Posts Tagged ‘Reva Sherrard’

  • Myth & Mind: Furies & hunts

    Dec 1, 17 • ndemarino • 5enses, Myth & MindNo CommentsRead More »

    By Reva Sherrard King Agamemnon’s ships lay in harbor, manned and ready to sail to war in Troy, awaiting a wind that wouldn’t come. As days crawled past a plague spread in the still air under the drooping sails. With more and more of his army sickening and the outcome of the war in the balance, Agamemnon chose to sacrifice his daughter, Iphigenia, to gain divine favor. When the girl’s throat was cut a wind sprang up, scoured the plague from the army’s lungs and drove the ships to Troy. Queen Clytemnestra grieved wildly for her daughter. While her husband was at war she turned for comfort to his rival Aegisthus. When Agamemnon returned victorious, bringing a captive princess as his prize and concubine, the lovers killed them both. It was now the duty of Orestes, Agamemnon and Clytemnestra’s son, to avenge his father’s murder. He slew his mother and her lover with his own hand. But the crime of matricide woke the Erinyes, or Furies, goddesses of punishment. Relentlessly they pursued Orestes and drove him mad. ***** What are the Erinyes? Etymologically, erinys (Greek, singular) likely means just what the Romans glossed it as: fury. These female powers are older than the Olympians, representing an equally ancient law. The laws and cultural values — and breaches thereof — embodied by Zeus and company belong to the machinery of civilization,

  • Peregrine Book Co. Staff Picks: December 2017

    Dec 1, 17 • ndemarino • 5enses, Peregrine Book Co. Staff PicksNo CommentsRead More »

    Catered by Reva Sherrard “Architecture on the Carpet” By Brenda & Robert Vale This is definitely not a book for everyone because it’s focused on a single subject. However, to this reader, it’s absolutely fascinating to see the comparison between the birth of construction toys and modern architecture. ~Joe “Weird Love” By Clizia Gussoni & Craig Yoe It’s difficult to describe why I found myself drawn to the point of obsession with this series of comics. They read like strange soap operas from the 1950s. It’s absurd kitsch. I guess they just feel like home to me. ~Joe Mystifyingly absorbing and entertaining vignettes of some truly weird loves indeed. I’ve had many an incredulous laugh over these satisfyingly pulpy bits. ~Reva “The White Road” By Edmund de Waal A thorough examination of porcelain’s long history, beauty, and how it has enchanted cultures for years. ~Lacey “Coming to my Senses” By Alice Waters With language that is straightforward and simple, it doesn’t take long to realize Alice Waters is sharp, witty, and brave. ~Lacey “Down and Out in Paris and London” By George Orwell With rebellious clarity, Orwell’s reflections on the reality of extreme poverty in Paris and London are both sobering and graphic. ~Lacey “The Book of the Cat” By Angus Hyland Famous artists show some love for our furry friends. My new favorite book. ~Susannah Exquisite, witty, reverent renderings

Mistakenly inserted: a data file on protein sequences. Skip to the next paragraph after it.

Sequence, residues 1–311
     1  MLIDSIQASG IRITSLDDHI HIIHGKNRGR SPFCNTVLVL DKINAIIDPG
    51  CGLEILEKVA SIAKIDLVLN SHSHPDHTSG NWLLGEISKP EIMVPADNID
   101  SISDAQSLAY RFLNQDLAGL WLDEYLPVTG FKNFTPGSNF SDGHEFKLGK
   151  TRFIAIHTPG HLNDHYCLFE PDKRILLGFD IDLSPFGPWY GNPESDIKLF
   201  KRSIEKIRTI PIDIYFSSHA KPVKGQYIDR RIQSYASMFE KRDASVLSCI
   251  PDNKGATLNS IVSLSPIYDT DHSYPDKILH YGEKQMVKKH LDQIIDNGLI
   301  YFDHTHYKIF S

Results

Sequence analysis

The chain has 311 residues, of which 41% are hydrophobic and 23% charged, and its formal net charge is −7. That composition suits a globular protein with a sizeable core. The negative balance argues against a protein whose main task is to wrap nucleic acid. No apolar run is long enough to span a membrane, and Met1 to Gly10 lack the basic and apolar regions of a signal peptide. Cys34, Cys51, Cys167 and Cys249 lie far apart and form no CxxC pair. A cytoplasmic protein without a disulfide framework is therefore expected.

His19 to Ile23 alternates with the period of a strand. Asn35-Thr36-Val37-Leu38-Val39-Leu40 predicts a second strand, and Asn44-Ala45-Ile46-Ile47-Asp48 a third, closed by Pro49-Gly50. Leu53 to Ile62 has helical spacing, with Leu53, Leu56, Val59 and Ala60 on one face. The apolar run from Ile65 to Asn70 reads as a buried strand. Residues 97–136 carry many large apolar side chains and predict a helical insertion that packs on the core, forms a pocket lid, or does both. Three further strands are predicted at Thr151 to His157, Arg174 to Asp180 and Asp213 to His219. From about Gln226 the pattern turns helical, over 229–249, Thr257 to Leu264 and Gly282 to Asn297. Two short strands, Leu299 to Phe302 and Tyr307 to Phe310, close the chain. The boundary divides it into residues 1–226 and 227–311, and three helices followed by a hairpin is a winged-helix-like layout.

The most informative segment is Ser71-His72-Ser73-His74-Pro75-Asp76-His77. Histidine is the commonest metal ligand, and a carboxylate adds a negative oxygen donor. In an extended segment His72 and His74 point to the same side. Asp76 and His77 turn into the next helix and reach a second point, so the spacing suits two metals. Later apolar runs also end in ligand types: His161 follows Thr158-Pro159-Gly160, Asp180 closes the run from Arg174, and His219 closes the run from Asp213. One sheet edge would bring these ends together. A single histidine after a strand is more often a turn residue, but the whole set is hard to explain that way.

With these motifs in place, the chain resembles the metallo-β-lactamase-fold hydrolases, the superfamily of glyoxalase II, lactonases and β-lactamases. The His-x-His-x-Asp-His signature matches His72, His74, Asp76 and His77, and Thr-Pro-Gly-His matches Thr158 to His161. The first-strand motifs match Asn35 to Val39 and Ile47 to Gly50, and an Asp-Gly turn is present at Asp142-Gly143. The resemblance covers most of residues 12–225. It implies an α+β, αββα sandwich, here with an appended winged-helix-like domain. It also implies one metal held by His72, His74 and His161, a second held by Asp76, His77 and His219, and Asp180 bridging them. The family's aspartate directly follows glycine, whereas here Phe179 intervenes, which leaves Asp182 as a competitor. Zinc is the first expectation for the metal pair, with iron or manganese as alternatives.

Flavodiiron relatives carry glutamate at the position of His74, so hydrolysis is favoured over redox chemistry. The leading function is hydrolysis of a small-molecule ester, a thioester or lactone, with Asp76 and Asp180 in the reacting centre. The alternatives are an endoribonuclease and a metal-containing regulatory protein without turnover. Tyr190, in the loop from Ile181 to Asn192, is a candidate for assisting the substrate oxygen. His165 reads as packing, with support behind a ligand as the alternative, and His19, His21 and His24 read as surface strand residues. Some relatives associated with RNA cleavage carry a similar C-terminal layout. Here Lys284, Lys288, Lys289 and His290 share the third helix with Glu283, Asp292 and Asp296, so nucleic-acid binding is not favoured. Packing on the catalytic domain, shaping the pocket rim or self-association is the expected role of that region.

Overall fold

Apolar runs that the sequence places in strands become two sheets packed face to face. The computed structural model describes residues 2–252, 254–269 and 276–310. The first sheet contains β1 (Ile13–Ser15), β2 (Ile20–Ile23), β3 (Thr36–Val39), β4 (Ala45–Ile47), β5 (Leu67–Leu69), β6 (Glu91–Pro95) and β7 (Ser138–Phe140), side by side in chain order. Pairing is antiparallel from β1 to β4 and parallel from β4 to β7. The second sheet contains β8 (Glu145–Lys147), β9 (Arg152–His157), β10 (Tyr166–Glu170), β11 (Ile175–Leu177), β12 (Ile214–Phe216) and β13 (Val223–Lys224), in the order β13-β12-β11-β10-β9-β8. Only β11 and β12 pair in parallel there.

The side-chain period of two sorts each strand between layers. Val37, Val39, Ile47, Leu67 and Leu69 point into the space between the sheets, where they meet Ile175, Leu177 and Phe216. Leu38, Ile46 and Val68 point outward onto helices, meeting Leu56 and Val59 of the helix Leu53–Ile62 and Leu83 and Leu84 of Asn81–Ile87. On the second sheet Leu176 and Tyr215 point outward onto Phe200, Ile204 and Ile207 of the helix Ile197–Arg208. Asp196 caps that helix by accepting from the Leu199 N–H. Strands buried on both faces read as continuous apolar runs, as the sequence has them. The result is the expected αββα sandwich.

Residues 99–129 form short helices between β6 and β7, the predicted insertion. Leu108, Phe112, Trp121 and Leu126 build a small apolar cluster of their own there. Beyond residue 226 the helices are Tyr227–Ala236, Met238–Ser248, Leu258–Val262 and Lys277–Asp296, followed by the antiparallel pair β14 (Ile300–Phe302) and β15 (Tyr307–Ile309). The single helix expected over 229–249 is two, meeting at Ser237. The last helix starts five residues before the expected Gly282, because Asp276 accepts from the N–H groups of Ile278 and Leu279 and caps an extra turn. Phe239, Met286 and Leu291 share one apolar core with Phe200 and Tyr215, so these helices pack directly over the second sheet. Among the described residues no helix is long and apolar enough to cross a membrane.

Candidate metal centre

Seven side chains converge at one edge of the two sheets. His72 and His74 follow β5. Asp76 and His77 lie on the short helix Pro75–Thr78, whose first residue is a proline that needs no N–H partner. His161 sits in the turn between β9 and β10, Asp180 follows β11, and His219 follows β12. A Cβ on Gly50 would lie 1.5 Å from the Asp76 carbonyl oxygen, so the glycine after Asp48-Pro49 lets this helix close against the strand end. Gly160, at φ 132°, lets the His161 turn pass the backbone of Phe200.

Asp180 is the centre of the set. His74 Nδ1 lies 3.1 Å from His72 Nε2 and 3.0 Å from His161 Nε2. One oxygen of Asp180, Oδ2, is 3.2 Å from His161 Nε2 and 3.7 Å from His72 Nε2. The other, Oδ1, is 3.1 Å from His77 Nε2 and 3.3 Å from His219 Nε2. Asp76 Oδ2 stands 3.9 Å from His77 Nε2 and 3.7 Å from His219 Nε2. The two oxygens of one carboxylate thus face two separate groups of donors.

• Myth & Mind: Harvests, hops, & human sacrifice

    Nov 3, 17 • ndemarino • 5enses, Myth & MindNo CommentsRead More »

    By Reva Sherrard Autumn has arrived. The wind changed almost overnight: one day towing monsoon clouds from the southwest in summer’s established pattern, then suddenly restive, keeping the trees awake after dark and setting a fresher edge on the mornings. The light, compressed a minute at a time by approaching winter, became a little clearer, more insistently golden. The wind’s mood in autumn, a combination of restlessness and certainty, has always made this season my favorite. The year is setting out on a journey whose destination is death. To the ancient Celts, the germinant sleep of death preceded life; nightfall was the day’s beginning, and the beginning of winter was the new year. The festival of Samhain (SOW-inn), falling in early November, marks not merely the first day of winter but a resetting of the cosmic mechanism at a fundamental level. To pastoral-agrarian ancestors, winter’s onset meant it was time to move the herds down from the highlands to more sheltered pastures, time to reap and store the rich life of summer before harshening weather took it away, but furthermore the crux of nature’s cyclical drama of death and rebirth. As such it was a dangerous season: The doors between worlds stood open, and one might easily wander inside the hills where the race of fairy-folk lived — especially considering the marathon drinking bouts the Irish engaged in as a

  • Peregrine Book Co. Staff Picks: November 2017

    Nov 3, 17 • ndemarino • 5enses, Peregrine Book Co. Staff PicksNo CommentsRead More »